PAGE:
I didn’t get to where I am today without a few bad decisions. Bad luck played its part. And would I be human if I hadn’t suffered some debilitating mental health issues along the way?

We all have our reasons (not excuses) for the parts of our CV we wish we could hide from prospective employers. Those few months or even years you just hope they don’t ask about. Redundancy. Travelling. Raising your family. Caring for a loved one. Depression. Anxiety. Global pandemics.

Sometimes, stuff just happens right?

As I said, I’ve had my own share of employment gaps including the time I resigned without a job to go on to (not recommended). I have been incredibly fortunate for the most of my career, to have been supported by my employers. But there are gaps, I just know how to present them. Since covid-19 there’s a whole new reason for awkward spaces between respectable jobs and education entries on your CV. The important thing to remember is, everything that’s happened makes you, you. We shouldn’t be ashamed of any of it. But if you’re worried that the gaps in your CV make you look undesirable to employers, these tips can help:


If the gap is less than one month and it’s within the same month, there’s no need to do anything. You should only be stating the month and year of your employment anyway so no one reading your CV would notice 1-4 weeks out of work.


This word makes me instantly empathetic. We are told to avoid any negativity in application documents but if you’ve suffered a significant gap in employment due to redundancy, there is no better way to explain it than the truth. Include the relevant months and state ‘Job seeking due to redundancy’.


If you took time out of employment to put your blood, sweat and tears in to raising your family then tell the world about it! People management, working under pressure, multi-tasking, problem solving and organisation are just some of the skills you develop in this role. Employers will recognise this if you are confident about it.


Another admirable thing to do is take some time out to discover the world, expand your mind and learn about new cultures. This can develop an understanding and inclusive nature which will be welcomed by employers. Just like with your job entries, include the months and years and state the countries you visited. Go on, show off a bit.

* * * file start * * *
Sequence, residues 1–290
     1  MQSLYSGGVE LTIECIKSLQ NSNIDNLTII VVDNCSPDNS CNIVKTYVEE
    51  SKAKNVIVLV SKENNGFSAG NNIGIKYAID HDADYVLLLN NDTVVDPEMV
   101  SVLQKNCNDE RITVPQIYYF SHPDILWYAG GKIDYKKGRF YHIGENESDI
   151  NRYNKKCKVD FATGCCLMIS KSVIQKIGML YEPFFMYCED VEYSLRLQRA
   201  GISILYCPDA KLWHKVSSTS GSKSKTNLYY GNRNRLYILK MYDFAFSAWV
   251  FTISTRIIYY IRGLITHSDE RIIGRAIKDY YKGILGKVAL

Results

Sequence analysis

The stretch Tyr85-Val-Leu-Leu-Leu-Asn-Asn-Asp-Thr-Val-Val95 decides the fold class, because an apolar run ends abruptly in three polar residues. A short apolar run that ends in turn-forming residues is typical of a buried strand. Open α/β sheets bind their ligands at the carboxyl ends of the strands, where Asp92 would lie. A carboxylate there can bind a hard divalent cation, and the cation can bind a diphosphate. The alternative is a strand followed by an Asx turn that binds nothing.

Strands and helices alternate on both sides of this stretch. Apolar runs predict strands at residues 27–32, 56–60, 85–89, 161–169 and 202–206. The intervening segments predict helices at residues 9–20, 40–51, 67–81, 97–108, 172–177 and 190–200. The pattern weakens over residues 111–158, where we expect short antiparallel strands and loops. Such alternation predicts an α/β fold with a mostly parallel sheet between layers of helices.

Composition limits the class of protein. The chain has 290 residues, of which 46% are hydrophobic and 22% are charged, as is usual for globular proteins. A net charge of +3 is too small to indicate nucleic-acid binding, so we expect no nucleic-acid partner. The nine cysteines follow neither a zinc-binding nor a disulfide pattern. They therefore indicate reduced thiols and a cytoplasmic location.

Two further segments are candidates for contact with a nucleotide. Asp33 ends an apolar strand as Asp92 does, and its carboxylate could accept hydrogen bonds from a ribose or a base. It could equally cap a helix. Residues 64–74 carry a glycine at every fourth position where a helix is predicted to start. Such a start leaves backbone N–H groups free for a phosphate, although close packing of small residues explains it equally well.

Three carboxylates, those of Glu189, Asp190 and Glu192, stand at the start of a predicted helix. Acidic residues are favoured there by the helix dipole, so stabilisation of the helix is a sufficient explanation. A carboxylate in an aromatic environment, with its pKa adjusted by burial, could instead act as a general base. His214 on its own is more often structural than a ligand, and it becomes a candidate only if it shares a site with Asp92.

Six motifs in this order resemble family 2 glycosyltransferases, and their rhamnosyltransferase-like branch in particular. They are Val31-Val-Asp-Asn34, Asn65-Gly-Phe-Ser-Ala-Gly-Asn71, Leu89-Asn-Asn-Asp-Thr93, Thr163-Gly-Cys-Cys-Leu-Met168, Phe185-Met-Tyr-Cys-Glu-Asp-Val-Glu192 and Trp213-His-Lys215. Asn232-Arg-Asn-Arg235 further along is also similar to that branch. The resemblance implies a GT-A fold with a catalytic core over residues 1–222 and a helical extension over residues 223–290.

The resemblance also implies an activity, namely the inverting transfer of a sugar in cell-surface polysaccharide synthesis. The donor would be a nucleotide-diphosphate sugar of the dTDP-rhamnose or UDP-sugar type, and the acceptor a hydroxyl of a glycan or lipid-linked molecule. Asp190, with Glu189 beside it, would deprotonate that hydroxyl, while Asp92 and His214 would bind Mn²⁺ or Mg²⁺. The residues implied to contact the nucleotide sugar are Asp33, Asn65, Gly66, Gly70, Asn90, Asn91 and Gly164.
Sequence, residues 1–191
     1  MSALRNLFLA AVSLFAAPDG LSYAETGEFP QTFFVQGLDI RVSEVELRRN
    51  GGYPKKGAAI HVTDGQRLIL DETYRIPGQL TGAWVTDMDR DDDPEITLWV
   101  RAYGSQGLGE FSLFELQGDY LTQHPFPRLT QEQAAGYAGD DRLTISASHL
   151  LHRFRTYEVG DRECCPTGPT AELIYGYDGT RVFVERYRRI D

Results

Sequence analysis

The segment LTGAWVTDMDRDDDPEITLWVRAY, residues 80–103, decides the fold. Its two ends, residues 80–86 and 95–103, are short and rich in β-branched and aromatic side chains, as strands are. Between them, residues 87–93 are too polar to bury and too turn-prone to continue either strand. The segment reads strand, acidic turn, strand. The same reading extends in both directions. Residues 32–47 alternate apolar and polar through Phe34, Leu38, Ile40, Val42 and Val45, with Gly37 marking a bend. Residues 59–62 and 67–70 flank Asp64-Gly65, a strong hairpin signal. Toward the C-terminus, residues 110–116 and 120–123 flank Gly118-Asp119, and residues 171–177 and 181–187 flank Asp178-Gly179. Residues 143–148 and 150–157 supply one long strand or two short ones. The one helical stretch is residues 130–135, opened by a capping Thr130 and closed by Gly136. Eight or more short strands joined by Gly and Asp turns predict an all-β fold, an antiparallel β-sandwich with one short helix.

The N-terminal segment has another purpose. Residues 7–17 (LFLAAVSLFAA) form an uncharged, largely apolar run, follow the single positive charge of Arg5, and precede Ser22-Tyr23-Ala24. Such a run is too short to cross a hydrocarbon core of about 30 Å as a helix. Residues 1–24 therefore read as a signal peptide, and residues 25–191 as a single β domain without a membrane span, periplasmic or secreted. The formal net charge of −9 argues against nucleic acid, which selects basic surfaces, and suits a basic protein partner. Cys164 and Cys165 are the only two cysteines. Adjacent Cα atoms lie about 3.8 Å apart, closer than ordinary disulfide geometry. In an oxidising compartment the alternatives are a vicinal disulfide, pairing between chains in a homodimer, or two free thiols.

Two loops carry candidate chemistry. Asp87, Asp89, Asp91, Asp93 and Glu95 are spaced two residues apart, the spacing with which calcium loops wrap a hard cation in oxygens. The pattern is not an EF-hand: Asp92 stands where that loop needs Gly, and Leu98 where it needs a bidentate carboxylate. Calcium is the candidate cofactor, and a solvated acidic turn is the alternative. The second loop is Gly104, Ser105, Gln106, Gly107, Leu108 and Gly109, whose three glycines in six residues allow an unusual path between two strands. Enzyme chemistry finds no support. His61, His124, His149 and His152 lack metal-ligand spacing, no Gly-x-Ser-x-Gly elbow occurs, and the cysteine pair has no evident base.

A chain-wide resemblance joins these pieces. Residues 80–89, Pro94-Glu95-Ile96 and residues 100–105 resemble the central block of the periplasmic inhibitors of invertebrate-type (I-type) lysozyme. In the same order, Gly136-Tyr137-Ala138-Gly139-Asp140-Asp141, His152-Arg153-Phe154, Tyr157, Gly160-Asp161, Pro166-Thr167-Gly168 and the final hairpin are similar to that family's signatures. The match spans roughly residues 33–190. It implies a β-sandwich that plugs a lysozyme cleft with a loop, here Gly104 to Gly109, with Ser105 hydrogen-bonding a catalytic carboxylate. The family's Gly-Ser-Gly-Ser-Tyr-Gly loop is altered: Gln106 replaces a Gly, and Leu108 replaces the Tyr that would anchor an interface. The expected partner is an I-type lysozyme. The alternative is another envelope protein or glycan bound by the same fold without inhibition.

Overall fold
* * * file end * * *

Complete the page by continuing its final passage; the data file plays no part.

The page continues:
There’s no greater gift you can give than caring for someone in their time of need. You should be incredibly proud of yourself. If you were forced to leave work as a result, state it clearly on your CV just like a job entry. You shouldn’t need to give too much detail because you can always expand in an interview situation.


Within your CV there should be a separate section detailing your education and qualifications. A good recruiter will cross reference this with any obvious gaps in employment so don’t worry about explaining them twice in your career history.


If you’ve been forced to leave a position due to mental health issues or you’ve been delayed from seeking work, this will leave a gap in your CV. Traditional advice tells you to avoid all negativity in your application. If you only have short gaps, this may be the way to go especially if, at the time, you were also doing some self study, part time work, volunteering or caring for example.

For longer gaps we advise labelling them ‘Career break due to illness – now resolved’. You can explain a little more about this (always on a positive note) in your covering letter and highlight what you have learned and how it’s made you a more rounded and thankful individual perhaps. The ‘now resolved’ part may not feel entirely true because you might be dealing with long term issues which require lifelong medication and therapy. The important thing for an employer to know is that you have identified and deal with it. This is reassuring to them.

It’s highly likely that an employer will delve further during an interview so remember to be honest, positive and confident. Never apologise for being you.


You wont need to explain this on your CV but, if you suffered mid to long term sickness with a previous employer as a result of mental health or any other illness or injury, this could come to light if you are asked to undergo an occupational health assessment. You may be asked, ‘how many days have you had off sick in the last year’. This will obviously reveal any significant absences. Again, honesty is always best. So long as can demonstrate that you’ve recognised the issues you had/have and adopted strategies to deal with them long term, people should be satisfied.


“Why did it take you so long to find a job?”. This is more for an interview situation but if you get asked this question, think about how much work you had to do during the end of your time in the position. A prospective employer will see the value in a candidate who put their own job search on hold to ensure they left their previous business in a fit state. Other factors to consider are the condition of the job market and other constraints on your time such as family.


Maternity leave doesn’t need to be explained if you stay within the same role and return to it.

For more advice on CVs, applications, interviews, job seeking etc. visit the Career Centre or email: employability@anglia.ac.uk.

Register with ARU Temps for part and full time temp jobs both on campus and with local employers visit: temps.aru.ac.uk and email: temps@aru.ac.uk.

Laura Kendrick